On this sacred day the Hindu Devotees throughout the island will hold vigil staying up all-night in observing and worshiping ‘Maha Shivarathri’ as it is a special worship day. Devotees will be blessed with an abundance of positive results and all sins committed in previous births would be destroyed with the roots after a day of worshiping and a night of vigil. A day that would test piousness, focus and self-control: observing vigil all-night and avert having a nap when it has dawned, as that would defeat the purpose of staying up all-night.
The most popular Lord Shiva temple in the City of Colombo is the Shri Ponnambalawaneshwaram Temple at Kochchikade, that is famous for an out-of-the-ordinary architecture built in granite. Whereas the Pancha Ishwarams (five abodes of Shiva) are five coastal ancient kovils built in dedication to the Hindu supreme being Ishwara in the form of the god Shiva, located along the circumference of the island, known as “Then Kailayam” (Southern Kailash), because it lies on the same longitude as Mount Kailash. These ancient Pancha Ishwarams are built in coastal areas in the island; its initial constructions of these five Hindu temples were done by the royal architects of the Naga kingdom. These are well known Lord Shiva shrines that are the most sacred pilgrimage complexes for devotees of the Hindu faith, they are polytheistic in nature with a central shrine for Shiva. These temples are Naguleswaram Temple in the northern peninsula, Koneswaram Temple in the east , Tondeswaram Temple in the south, Munneswaram Temple in the west and Ketheeswaram Temple in the north and the Shiva lingams in each kovil are recorded as being Ravana’s installations, while one of his descendants, the ancient Yaksha queen Kuveni was a devotee of Ishwara. Eventually, the kovils became international focal points of their classical era capitals in their respective districts, maintaining their own historical records, traditions and broad influence across Asia.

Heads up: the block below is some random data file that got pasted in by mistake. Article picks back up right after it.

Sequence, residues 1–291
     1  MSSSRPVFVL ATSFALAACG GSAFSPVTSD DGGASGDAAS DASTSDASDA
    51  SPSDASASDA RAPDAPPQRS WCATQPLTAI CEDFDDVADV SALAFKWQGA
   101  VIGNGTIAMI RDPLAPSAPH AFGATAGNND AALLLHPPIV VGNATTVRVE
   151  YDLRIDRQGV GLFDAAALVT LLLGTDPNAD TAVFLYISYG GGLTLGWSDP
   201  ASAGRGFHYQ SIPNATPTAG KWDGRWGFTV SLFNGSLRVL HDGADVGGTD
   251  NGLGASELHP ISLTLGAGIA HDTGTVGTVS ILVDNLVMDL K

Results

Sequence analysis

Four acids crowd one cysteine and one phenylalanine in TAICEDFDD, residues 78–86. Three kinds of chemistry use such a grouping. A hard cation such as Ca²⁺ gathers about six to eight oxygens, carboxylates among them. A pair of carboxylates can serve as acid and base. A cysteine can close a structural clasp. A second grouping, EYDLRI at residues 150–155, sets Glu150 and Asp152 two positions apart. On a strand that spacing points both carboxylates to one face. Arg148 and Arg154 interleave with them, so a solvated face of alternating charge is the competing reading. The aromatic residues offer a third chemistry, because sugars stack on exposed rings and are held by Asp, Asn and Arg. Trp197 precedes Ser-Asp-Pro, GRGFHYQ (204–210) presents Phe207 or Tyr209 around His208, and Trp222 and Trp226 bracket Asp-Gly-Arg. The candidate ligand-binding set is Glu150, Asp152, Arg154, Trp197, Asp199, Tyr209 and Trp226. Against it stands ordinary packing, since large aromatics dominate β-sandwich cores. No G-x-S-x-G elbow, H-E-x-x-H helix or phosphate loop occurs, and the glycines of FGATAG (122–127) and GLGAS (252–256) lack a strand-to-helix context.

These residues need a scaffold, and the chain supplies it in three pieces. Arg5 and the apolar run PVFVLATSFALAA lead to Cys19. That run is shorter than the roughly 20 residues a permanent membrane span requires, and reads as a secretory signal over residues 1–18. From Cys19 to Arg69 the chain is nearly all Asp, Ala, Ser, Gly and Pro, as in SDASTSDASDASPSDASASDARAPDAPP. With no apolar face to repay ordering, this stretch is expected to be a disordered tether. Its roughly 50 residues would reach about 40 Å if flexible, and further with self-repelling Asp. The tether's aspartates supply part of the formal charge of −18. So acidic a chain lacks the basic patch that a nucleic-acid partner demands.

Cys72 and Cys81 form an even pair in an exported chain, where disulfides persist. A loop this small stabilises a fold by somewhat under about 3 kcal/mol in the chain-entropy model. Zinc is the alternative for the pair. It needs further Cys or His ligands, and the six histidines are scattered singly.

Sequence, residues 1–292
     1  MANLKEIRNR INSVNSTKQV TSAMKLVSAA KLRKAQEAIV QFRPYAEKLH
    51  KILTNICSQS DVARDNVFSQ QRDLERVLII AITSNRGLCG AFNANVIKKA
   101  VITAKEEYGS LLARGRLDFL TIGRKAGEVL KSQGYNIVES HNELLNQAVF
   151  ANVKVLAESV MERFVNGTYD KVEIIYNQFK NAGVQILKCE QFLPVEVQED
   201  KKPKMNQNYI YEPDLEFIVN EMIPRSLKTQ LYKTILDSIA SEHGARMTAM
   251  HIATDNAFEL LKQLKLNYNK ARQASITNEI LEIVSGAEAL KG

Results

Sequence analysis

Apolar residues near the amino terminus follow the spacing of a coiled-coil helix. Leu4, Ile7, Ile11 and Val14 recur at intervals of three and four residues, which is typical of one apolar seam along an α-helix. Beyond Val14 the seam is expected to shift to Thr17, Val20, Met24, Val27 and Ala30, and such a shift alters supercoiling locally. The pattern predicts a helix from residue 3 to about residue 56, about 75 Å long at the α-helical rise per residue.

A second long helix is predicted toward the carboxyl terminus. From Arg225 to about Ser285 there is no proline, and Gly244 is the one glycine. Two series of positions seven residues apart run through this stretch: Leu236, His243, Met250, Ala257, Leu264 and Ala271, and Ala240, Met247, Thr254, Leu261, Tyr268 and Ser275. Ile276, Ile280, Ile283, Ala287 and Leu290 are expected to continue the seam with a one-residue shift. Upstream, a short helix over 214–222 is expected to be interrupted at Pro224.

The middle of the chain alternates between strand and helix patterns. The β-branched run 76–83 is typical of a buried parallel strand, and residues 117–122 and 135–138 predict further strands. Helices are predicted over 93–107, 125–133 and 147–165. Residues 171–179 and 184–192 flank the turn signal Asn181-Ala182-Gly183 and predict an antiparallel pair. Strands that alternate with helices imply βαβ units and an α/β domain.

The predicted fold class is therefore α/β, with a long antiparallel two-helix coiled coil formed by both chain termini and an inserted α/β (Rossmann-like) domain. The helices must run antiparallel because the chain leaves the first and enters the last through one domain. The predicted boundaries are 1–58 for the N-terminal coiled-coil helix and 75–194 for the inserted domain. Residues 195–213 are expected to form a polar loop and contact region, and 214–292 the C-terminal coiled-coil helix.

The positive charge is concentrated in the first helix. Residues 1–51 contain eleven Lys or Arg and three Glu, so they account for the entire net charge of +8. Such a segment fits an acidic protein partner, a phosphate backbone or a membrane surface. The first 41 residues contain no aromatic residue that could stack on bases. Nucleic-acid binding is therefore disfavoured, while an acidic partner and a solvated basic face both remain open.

Though majority population of Sri Lanka is Sinhala-Buddhist, many of them are from ancient times ardent worshipers of Hindu Gods ; when the need arises, they even indulge in Hindu ritualistic practices. evident from the spread of these famous Lord Shiva shirines that are located round the island. Further in almost every Buddhist temple in the country has shrines for a variety of Hindu and pre-Buddhist divinities. One of the most deeply entrenched and enduring beliefs among the Sinhala-Buddhists is that Vishnu is the defender and protector of the country. The shrine of Skanda at Kataragama, in the south is a popular pilgrimage destination for the Sinhala-Buddhists as well as for the country’s Hindu Tamils. Many also visit the said Lord Shiva shrines mentioned in this post, reflects well on the cordial coexistence for many generations between these two religious communities.
It is regrettable, that today extreme followers among both religions in the country are acting in a manner to damage the bond that was formed many thousands years ago. To them in particular, let us chant ‘om namah shivaya shivaya’ on this maha sivarathiri day. It is very beautiful chanting of lord Shiva, a peaceful devotional song that is very relaxing and therapeutic, do share this video @ https://youtu.be/SvjliCYPRsc and earn the blessing from Mahadeva Lord Shiva.
On Maha Shivarathri in the Lord Shiva shrines spread across the world would be crowded with Hindu Devotees will hold vigil staying up all-night in observing and worshiping. Many will involve in marathon hours of chanting this ‘om namah shivaya’ mantras collectively and some even staging cultural and educational programs, burning midnight oil.
For further reading visit Northern Breeze: https://northernbreeze.blog/2018/02/14/lets-us-chant-om-namah-shivaya-collectively-on-maha-shivaratri-day/